The fellow refugees agreed and shared their desire of getting this message received by the Indian government through media.
The Indian government, however, has declined to comment on hopes of Hindu refugees. it was waiting for the Supreme Court to hear an appeal against the home ministry’s plans of deporting around 40,000 Rohingya Muslims from India.
Achintya Biswas, a senior member of the Vishwa Hindu Parishad (VHP) also called the World Hindu Council, on the other hand, stated India as the natural destination for the Hindus fleeing Myanmar.
“Hindu families must be allowed to enter India by the government,” Biswas said, according to a report by Reuters, “Where else will they go? This is their place of origin.”
Biswas said the VHP and Rashtriya Swayamsevak Sangh, would be submitting a report to the home ministry demanding a new policy that would be allowing Hindu refugees from Myanmar and Bangladesh to seek asylum in India.
While India’s Home Ministry spokesman, K.S. Dhatwalia declined to comment, a senior home ministry official in New Delhi, on the condition of anonymity, mentioned that no Hindu in Myanmar or Bangladesh affected by the violence had approached Indian authorities.
“At this juncture we have no SOS calls from Hindus,” the official said.
“Also, the Supreme Court is yet to decide whether India should deport Rohingya Muslims or not. The matter is sub-judice and any policy decision will be taken only after the court’s order.”
Hindus form a small but an established minority in Myanmar and Bangladesh. Rudra along with other Hindu refugees talked about how they fled soon after Rohingya insurgents attacked 30 Myanmar police posts, instigating a fierce military counterattack.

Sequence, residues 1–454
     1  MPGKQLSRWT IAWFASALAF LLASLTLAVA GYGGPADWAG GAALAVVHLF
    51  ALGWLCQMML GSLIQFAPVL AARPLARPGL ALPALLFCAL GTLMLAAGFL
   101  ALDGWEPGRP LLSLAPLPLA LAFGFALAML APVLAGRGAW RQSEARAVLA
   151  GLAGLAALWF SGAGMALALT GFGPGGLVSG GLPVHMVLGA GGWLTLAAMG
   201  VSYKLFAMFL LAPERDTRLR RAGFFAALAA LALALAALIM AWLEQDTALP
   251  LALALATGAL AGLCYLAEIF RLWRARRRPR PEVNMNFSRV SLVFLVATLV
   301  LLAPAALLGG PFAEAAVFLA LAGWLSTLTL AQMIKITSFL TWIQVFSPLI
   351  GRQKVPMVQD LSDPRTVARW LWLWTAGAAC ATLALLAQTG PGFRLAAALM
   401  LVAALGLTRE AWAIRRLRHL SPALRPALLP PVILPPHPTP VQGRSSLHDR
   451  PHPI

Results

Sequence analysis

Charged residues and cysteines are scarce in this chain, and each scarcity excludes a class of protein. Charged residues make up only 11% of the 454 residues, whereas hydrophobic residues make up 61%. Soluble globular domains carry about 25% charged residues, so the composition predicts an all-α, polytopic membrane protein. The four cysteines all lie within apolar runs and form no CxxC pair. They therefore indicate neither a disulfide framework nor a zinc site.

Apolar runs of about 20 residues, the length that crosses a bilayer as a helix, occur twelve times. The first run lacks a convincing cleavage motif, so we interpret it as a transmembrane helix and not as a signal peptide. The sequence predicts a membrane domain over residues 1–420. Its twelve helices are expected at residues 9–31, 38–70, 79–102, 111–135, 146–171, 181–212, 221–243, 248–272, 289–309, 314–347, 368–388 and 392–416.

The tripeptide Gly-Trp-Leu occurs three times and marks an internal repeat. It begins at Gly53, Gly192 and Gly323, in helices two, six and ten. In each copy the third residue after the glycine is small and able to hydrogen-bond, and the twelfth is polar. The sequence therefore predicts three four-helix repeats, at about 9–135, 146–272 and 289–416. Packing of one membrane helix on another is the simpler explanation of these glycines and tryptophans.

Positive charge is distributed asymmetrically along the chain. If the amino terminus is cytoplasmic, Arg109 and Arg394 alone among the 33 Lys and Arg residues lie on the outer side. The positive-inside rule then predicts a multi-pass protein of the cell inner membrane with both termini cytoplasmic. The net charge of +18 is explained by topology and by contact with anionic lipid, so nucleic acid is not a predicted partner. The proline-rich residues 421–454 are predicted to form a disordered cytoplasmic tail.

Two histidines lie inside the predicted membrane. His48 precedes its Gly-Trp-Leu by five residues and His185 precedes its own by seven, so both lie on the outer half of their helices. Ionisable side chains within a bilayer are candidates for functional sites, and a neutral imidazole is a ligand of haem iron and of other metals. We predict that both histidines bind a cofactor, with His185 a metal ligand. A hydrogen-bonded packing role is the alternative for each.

“Our village in Myanmar was surrounded by hundreds of men in black masks on the morning of Aug. 25,” said Veena Sheel, a mother-of-two whose husband works in Malaysia.
“They called some men out and asked them to fight the security forces … a few hours after we heard gunshots,” she added.
Soon after taking office in 2014, the Modi government issued orders stating that no Hindu, or refugees of other minority from Bangladesh and Pakistan would be deemed as illegal immigrants even if they had entered the country without having the required documents, on or before December 31, 2014.
India, indeed, is in a tough situation, where it can’t compromise with the principles it holds being a Secular nation that is always engaged in humanitarian activities, but will also need to keep in mind the potential security threats that might come along with such an act of acceptance.
-prepared by Samiksha Goel of NewsGram. Twitter @goel_samiksha